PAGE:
EPA Announces New TSCA Reform Requirements
On June 22nd, the EPA marked the first anniversary of the Lautenberg Chemical Safety Act (“LCSA”), commonly known as “TSCA Reform,” by issuing a Federal Register prepublication report. The EPA was obligated by statutory requirement under the TSCA Reform regulation to announce a number of rules by June 22, 2017. The major rule announced was the requirement for reporting of all chemicals manufactured in and imported into the United States in the 10 years preceding June 21, 2016, “TSCA Re-Set,” to create an “Active” TSCA Inventory.
The pre-published rule for the TSCA-Re-Set has simplified the data requirements for the retrospective reporting. No longer will manufacturers or importers be required to provide volume and date information. Submitters will certify upon submission that they meet the reporting requirement. Reporting will be required for any chemical used commercially during the 10 year retrospective time period. The report must be submitted 180 days after the formal publication is issued in the Federal Register.
For the retrospective reporting, the pre-published rule clarified the requirements of processors. Processors will continue to not be required to report. Processors that do not submit data during the initial 180 reporting period will have 420 days after the “Active” TSCA inventory is published from manufacturing and imported data to add chemicals that were not initially added.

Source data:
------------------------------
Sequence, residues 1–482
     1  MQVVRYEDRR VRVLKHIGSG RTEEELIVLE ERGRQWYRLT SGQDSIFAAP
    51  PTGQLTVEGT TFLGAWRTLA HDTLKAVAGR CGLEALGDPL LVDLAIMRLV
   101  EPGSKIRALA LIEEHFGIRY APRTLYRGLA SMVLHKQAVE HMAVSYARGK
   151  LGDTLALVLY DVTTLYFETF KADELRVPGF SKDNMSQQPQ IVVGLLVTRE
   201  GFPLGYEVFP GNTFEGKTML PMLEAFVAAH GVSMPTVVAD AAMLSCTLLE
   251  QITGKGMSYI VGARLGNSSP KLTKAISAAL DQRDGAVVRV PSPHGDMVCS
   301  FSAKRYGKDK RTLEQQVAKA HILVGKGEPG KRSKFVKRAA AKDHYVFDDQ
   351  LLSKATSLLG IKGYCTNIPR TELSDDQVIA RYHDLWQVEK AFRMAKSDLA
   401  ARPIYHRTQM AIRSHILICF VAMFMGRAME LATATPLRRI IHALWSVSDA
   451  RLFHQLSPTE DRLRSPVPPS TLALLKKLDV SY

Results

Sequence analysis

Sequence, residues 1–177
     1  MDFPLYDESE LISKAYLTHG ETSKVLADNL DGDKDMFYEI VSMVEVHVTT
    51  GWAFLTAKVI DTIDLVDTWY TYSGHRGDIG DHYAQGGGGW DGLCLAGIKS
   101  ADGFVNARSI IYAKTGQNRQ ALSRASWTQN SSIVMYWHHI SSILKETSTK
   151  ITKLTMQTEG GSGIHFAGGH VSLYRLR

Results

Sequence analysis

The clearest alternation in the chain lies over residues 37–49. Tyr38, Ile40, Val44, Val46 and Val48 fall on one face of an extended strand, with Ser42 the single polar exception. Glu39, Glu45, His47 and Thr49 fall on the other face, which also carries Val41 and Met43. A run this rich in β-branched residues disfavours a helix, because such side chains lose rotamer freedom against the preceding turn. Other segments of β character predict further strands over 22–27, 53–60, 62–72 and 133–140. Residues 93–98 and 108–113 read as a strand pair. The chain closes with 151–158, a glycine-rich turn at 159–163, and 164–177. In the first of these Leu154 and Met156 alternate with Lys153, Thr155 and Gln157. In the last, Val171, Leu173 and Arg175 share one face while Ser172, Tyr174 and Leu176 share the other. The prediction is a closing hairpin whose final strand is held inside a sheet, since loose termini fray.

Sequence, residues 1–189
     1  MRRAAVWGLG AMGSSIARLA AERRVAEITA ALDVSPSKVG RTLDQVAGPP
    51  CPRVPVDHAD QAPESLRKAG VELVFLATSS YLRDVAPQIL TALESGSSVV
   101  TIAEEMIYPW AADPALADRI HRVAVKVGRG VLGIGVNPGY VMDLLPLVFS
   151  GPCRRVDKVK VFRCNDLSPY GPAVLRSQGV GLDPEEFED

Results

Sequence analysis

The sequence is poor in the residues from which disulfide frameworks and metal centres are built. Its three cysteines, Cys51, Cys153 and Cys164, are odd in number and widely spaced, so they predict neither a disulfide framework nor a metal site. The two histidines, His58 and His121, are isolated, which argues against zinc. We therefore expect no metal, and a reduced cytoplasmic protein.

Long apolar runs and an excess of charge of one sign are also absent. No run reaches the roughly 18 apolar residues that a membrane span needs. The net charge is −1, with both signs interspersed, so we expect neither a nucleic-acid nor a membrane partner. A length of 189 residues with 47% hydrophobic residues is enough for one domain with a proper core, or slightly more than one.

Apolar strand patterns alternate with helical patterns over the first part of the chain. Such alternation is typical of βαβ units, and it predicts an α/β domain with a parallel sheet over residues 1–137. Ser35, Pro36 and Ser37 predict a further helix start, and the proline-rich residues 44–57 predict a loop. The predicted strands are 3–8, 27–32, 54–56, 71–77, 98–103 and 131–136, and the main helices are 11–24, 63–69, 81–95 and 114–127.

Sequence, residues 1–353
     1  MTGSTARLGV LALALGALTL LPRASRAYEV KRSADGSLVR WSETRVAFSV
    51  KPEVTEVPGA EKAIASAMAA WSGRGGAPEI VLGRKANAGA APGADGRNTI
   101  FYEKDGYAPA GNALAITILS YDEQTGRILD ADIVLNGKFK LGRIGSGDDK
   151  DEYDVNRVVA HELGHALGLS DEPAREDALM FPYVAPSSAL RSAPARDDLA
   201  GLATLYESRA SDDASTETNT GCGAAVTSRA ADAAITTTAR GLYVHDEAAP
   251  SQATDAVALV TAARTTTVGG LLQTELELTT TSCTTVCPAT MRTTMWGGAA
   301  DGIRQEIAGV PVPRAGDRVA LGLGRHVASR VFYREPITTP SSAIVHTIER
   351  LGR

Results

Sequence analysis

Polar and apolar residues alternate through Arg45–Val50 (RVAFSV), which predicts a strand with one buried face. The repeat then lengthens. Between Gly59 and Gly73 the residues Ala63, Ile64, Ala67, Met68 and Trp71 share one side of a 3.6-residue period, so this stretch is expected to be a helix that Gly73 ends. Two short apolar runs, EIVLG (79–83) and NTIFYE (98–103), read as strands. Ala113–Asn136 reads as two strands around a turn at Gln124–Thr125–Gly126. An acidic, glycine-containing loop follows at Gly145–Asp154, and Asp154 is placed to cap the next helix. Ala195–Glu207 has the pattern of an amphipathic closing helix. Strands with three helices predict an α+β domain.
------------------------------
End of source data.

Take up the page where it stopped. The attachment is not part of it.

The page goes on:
The pre-published report also included descriptions of the report form, Notice of Activity Forms (NOA). It included NOA-A for retrospective reporting and NOA-B for forward reporting of chemicals that did not get listed on the “Active” TSCA inventory but were previously listed on TSCA.
Manufacturers and importers that submitted chemicals during the 2012 and 2016 Chemical Data Reporting (CDR) are not required to submit a NOA-A form for chemicals submitted for the 2012 and 2016 CDR periods unless they want to maintain the chemical identity as confidential. NOA-A forms for 2012 and 2016 CDR chemicals that manufacturers want to maintain as Confidential Business Information (CBI) will also need to include substantiation for the request.
All manufacturers and importers of chemicals are required to report even if they presume someone else will report. An exemption from reporting was developed to allow a manufacturer or importer not to be required to report but only if they have documented proof that a NOA-A was filed.
On June 22nd, the EPA also announced the guidance for submitting draft risk evaluations to the EPA from the public. The scope of evaluations for the first 10 priority chemicals under review, established the EPA’s process and criteria for identifying priority chemicals that do not require risk evaluation and to determine whether chemicals present an unreasonable risk to health or the environment.
If you have questions or need help fulfilling these and other regulatory requirements, 3E stands ready to provide comprehensive TSCA support.